The cause? Consider it the starfish version of a one-two punch: the climate-change-induced warming of the Pacific Ocean put stress on the animals while it made the virus that attacked them more virulent.  Think of it as a perfect storm for unleashing such a die-off.

    It will take years to figure out the true scope of the aftermath, since starfish occupy the top of the food chain at the edge of the ocean and their disappearance will undoubtedly have cascading impacts, not unlike the vanishing of the insects that form the base of the food chain on land.

    Concurrent with the disappearance of the starfish, another “unprecedented” die-off was happening at the edge of the same waters, along the Pacific coast of the U.S. and Canada.  It seemed to be “one of the largest mass die-offs of seabirds ever recorded,” Craig Welch wrote in National Geographic in 2015. And many more have been dying ever since, including Cassin’s auklets, thick-billed murres, common murres, fork-tailed petrels, short-tailed shearwaters, black-legged kittiwakes, and northern fulmars. That tragedy is still ongoing and its nature is caught in the title of a September article in Audubon magazine: “In Alaska, Starving Seabirds and Empty Colonies Signal a Broken Ecosystem.”

    To fully understand all of this, the dots will again have to be connected across places and species, as well as over time, but the great starfish die-off is an indication that biological annihilation is now an essential part of life at the edge of the sea.

    The Annihilation of Vertebrates

    The remaining 3% of the kingdom Animalia is made up of vertebrates. The 62,839 known vertebrate species include fish, amphibians, reptiles, birds, and mammals.

    The term “biological annihilation” was introduced in 2017 in a seminal paper by scientists Geraldo Ceballos, Paul Ehrlich, and Rodolpho Dirzo, whose research focused on the population declines, as well as extinctions, of vertebrate species. “Our data,” they wrote then, “indicate that beyond global species extinctions Earth is experiencing a huge episode of population declines and extirpations.”

    If anything, the 148-page Living Planet Report published this October by the World Wildlife Fund International and the Zoological Society of London only intensified the sense of urgency in their paper. As a comprehensive survey of the health of our planet and the impact of human activity on other species, its key message was grim indeed: between 1970 and 2014, it found, monitored populations of vertebrates had declined in abundance by an average of 60% globally, with particularly pronounced losses in the tropics and in freshwater systems. South and Central America suffered a dramatic loss of 89% of such vertebrates, while freshwater populations of vertebrates declined by a lesser but still staggering 83% worldwide. The results were based on 16,704 populations of 4,005 vertebrate species, which meant that the study was not claiming a comprehensive census of all vertebrate populations.  It should instead be treated as a barometer of trends in monitored populations of them.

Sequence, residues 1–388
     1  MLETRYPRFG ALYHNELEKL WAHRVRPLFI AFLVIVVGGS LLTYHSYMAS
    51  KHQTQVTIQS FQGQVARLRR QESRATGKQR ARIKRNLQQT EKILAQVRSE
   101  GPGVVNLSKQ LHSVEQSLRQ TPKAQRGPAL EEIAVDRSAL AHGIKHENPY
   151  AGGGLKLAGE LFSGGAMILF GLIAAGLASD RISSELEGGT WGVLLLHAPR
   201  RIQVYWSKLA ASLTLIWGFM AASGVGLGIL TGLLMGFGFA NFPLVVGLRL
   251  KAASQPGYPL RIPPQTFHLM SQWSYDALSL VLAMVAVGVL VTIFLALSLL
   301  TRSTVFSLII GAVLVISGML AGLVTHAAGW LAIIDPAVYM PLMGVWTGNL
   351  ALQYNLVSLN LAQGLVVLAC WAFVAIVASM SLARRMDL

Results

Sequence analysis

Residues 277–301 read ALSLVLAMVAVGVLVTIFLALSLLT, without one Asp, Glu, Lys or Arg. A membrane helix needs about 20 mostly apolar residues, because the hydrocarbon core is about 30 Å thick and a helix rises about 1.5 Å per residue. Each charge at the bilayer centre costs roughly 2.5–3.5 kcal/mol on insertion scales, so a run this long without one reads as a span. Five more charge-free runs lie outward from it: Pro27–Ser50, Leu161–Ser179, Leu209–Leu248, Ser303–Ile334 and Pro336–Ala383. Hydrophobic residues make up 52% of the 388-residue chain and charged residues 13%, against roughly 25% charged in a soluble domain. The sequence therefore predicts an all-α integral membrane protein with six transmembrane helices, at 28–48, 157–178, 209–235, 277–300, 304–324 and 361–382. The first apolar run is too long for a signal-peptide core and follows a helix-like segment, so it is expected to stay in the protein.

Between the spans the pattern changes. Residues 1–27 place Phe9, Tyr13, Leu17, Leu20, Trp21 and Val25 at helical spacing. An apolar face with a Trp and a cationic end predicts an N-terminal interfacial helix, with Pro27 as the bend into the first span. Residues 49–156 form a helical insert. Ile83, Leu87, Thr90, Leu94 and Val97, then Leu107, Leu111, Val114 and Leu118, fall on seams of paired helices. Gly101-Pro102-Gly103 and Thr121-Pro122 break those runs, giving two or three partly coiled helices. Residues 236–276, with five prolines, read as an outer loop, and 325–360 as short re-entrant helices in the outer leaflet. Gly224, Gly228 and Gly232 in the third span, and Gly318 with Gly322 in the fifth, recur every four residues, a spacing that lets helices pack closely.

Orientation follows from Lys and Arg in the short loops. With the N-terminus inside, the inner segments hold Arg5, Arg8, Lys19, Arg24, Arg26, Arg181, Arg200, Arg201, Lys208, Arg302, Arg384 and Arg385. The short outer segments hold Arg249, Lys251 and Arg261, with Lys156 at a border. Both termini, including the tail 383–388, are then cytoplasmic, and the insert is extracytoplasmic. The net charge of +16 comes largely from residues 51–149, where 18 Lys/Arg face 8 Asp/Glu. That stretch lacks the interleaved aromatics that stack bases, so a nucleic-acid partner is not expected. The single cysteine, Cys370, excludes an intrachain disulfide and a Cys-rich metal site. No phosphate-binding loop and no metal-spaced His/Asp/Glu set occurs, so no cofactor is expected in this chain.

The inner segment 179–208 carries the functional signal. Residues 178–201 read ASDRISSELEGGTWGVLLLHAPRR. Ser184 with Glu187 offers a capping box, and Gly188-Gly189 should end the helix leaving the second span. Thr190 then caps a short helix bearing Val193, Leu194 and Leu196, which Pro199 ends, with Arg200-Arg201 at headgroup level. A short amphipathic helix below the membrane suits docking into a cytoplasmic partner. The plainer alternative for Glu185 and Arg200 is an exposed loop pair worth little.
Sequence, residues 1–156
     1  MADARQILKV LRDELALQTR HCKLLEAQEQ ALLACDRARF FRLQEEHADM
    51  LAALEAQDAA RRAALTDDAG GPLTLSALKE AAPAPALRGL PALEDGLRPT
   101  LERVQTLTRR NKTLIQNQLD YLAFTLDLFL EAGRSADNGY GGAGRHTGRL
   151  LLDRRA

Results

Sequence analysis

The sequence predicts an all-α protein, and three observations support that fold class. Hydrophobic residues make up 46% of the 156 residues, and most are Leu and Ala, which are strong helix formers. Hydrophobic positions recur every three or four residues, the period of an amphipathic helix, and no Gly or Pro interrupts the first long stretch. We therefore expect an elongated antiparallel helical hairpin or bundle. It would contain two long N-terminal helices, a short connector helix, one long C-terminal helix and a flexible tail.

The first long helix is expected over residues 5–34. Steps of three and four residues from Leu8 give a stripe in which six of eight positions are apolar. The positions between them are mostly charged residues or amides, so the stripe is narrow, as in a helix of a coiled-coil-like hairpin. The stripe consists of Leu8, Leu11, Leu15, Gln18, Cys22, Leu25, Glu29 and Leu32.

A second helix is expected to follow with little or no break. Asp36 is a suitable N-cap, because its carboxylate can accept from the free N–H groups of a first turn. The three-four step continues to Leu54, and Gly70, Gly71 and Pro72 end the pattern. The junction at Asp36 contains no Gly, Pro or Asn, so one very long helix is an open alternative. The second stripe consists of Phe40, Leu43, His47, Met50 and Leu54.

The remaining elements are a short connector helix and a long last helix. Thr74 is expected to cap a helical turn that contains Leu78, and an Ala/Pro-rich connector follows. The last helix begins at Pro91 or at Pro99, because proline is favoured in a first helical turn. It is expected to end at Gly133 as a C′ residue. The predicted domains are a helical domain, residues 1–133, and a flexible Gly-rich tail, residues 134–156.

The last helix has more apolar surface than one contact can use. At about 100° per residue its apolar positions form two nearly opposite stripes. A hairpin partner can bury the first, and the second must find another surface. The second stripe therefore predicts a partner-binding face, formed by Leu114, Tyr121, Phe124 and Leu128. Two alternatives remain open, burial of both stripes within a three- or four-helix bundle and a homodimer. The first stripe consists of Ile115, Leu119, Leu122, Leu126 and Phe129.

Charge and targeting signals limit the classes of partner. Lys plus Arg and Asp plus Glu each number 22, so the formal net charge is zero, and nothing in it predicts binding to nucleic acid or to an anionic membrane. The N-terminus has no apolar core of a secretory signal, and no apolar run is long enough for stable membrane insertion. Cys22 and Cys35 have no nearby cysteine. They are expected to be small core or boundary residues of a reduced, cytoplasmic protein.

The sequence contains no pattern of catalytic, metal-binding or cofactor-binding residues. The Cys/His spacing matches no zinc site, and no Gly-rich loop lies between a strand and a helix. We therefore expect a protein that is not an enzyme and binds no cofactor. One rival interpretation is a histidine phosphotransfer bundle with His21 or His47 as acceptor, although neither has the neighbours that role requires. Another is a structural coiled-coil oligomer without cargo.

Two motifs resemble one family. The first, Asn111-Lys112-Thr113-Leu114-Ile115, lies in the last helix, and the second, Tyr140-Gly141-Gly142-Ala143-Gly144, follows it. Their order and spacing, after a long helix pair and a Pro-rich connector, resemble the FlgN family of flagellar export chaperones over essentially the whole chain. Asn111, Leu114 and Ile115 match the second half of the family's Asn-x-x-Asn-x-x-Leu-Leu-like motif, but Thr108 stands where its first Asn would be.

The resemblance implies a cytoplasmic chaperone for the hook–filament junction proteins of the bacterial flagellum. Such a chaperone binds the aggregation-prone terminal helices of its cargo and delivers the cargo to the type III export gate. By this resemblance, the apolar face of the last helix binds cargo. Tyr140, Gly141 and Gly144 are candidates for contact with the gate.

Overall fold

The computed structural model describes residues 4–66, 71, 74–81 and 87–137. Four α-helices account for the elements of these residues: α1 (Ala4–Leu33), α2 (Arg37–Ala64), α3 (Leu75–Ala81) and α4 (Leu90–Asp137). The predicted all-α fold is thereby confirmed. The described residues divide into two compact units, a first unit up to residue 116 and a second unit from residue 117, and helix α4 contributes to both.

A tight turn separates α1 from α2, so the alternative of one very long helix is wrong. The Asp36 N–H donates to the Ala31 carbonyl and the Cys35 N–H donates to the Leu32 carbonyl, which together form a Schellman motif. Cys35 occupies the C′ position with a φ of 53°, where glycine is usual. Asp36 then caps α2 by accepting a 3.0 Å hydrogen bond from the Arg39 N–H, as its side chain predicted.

What could be driving such an annihilatory wave to almost unimaginable levels? The report states that the main causes are “overexploitation of species, agriculture, and land conversion -- all driven by runaway human consumption.” It does, however, acknowledge that climate change, too, is a “growing threat.”

    When it comes to North America, the report shows that the decline is only 23%. Not so bad, right? Such a statistic could mislead the public into thinking that the U.S. and Canada are in little trouble and yet, in reality, insects and other animals, as well as plants, are dying across North America in surprisingly large numbers.

    From My Doorstep to the World Across Time

    My own involvement with biological annihilation started at my doorstep. In March 2006, a couple of days after moving into a rented house in northern New Mexico, I found a dead male house finch, a small songbird, on the porch. It had smashed into one of the building’s large glass windows and died. At the same time, I began to note startling numbers of dead piñon, New Mexico’s state tree, everywhere in the area. Finding that dead bird and noting those dead trees sparked a desire in me to know what was happening in this new landscape of mine.